In terms of business use, the iPhone is certainly capable of supporting the standard applications, as is most any smartphone. However, a smartphone is not enough, at least for enterprise use. RIM has become the dominant player for business not just because of the BlackBerry device, but also for its network and how it enables reliable, secure service virtually everywhere. Apple is not a network provider and must partner with carriers in each market it serves. These networks are not dedicated to business traffic, and where security and reliability issues are paramount, they simply cannot match RIM. For SMBs or SOHOs, this will be less important, and this is where I can see the iPhone gaining some market share. However, for larger scale requirements, it will be much more difficult to make the case.
Email is the core BlackBerry application, and requires integration between the RIM server and the enterprise server. To strengthen their value proposition, RIM has aggressively been engaging developers to build third party applications which end users can simply download to their devices. As with all software products, regular upgrades are required, and for international operations, this means providing access and support across many markets. All of these factors require a support organization not just for enterprise IT managers, but end users as well.
Apple is first and foremost a consumer company and this is not a core competency. Furthermore, because the iPhone only operates on GSM, Apple would need to provide support across a number of service provider partners for international enterprise customers, making it difficult to provide a consistent level of support for all end users. And if you're traveling to a market that does not have GSM coverage, you won't be getting your email. Third party applications are another important area, and Apple does not have the same focus on supporting business applications as RIM. Over time, it's hard to see how they will be able to keep pace for offering the kinds of applications that businesses demand.
There are many other angles to explore here, but let's move on to the device itself. The 3G iPhone offers several improvements from the first generation iPhone, and some do bode well for business users. First off, the iPhone is less expensive, making it more attractive compared to a RIM device. Being very feature-rich, this tilts the scales in Apple's favor, and for some, this may trump the issues addressed earlier about the lack of a dedicated network.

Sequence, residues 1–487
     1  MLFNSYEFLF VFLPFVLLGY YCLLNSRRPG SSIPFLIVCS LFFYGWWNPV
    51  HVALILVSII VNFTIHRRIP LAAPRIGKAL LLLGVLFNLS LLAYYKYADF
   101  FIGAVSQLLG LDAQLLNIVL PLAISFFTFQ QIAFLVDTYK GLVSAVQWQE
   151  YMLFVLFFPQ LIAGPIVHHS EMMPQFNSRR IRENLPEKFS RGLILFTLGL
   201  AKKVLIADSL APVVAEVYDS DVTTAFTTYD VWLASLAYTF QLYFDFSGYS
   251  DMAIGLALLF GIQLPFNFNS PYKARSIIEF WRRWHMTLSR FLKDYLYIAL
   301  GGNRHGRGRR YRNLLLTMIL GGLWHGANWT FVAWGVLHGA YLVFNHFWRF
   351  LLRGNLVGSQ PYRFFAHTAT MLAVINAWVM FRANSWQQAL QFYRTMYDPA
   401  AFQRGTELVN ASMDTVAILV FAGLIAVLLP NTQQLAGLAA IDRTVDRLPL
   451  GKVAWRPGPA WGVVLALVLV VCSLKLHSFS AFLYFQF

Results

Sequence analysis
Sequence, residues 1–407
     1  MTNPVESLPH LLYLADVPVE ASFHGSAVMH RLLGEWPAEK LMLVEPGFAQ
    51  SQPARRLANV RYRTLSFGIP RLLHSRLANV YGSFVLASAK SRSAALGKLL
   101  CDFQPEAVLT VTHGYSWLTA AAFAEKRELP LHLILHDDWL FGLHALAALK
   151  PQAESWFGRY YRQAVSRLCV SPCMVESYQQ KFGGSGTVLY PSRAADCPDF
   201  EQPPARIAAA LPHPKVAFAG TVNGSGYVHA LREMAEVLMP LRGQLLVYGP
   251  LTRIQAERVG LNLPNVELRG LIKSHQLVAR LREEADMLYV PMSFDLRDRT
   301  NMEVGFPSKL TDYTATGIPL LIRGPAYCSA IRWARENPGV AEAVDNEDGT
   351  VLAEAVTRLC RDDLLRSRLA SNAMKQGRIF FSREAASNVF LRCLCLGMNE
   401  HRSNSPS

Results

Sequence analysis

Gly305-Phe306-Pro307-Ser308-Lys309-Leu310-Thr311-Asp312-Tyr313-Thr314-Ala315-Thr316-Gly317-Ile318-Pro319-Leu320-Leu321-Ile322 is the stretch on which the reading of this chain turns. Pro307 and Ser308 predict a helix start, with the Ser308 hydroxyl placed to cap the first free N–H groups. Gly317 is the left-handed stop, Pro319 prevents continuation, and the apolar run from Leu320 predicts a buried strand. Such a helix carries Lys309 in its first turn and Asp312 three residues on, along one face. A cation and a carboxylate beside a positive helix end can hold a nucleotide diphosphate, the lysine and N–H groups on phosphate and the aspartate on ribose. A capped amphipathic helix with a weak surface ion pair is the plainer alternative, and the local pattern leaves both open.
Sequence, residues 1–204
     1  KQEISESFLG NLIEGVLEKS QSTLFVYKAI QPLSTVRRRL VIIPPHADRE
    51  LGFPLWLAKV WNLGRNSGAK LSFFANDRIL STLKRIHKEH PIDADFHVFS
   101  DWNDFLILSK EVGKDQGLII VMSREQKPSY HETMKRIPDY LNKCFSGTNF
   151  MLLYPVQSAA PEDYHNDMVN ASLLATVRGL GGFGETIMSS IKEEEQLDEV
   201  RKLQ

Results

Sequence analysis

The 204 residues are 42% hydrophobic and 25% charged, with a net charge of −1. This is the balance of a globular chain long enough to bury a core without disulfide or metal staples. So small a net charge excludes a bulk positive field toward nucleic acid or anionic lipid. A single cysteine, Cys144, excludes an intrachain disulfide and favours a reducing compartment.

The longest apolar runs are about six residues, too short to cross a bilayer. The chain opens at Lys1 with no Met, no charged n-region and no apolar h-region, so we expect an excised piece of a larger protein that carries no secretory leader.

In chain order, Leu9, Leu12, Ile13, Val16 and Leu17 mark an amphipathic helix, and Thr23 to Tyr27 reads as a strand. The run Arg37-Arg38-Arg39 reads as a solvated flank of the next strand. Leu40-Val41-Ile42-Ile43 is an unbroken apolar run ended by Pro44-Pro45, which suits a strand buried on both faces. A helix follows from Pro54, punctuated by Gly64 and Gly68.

Another factor is 3G, which allows the iPhone to now support more advanced applications, especially those that are video-based. This won't have much impact on email, which remains the central application for RIM. So, for businesses that are looking for more of the former than the latter, the iPhone may be the right choice. To be fair, though, this does not reflect the profile of most businesses, so this will likely only hold for a certain niche in the market.
It must be understood, however, that 3G is not ubiquitous in the U.S., and is dependent solely on AT&T's coverage. As such, the benefits of 3G will not yet be available to all subscribers. Furthermore, where 3G is available, there is an important trade-off to consider. 3G provides much faster connectivity than AT&T's EDGE network, but it drains the battery twice as quickly. If your end users are on the road extensively and rely heavily on network access, the iPhone has some practical limitations. Aside from the battery draining faster with 3G, the iPhone battery is not removable, so users cannot carry a spare to swap out while on the go. This is not an issue for other smartphones like BlackBerry, Palm or Nokia, and could be an important consideration.
While the new iPhone is a better value price-wise than its predecessor, and has improved audio quality, it still lacks some important features that regular BlackBerry users take for granted. The most important difference of course is the touch screen, which is not for everybody. Many users report they adapt quickly, but the ease of use of a QWERTY keyboard is hard to beat. A few other items of note include limited GPS, lack of Bluetooth support and no voice-based dialing. Users of the more advanced RIM devices – namely the Curve and upcoming Bold models – will not likely feel lacking compared to the new iPhone. And for those who want to embrace the touch screen interface, the BlackBerry Thunder will soon be coming to market.
As such, just considering the device, the iPhone can do most of what a BlackBerry can do, so feature-for-feature it's reasonably comparable. However, the iPhone's appeal is consumer-centric, and is based more around creating a great mobile Internet experience than being a productivity enabler for business users. It is hard to see how established BlackBerry users would migrate wholesale to the iPhone, but I could definitely see how certain types of enterprises going down this road for the first time might go with the iPhone.
However, for most enterprises, the underlying RIM network will be just as important in the overall consideration. On that count the iPhone does not measure up, at least today. Once Apple masters the consumer market with 3G capability, I would not rule out their taking additional steps to create an enterprise-class solution that could compete more directly with RIM. Until that time comes, though, I don't see the iPhone gaining much business traction beyond the SOHO or SMB markets.
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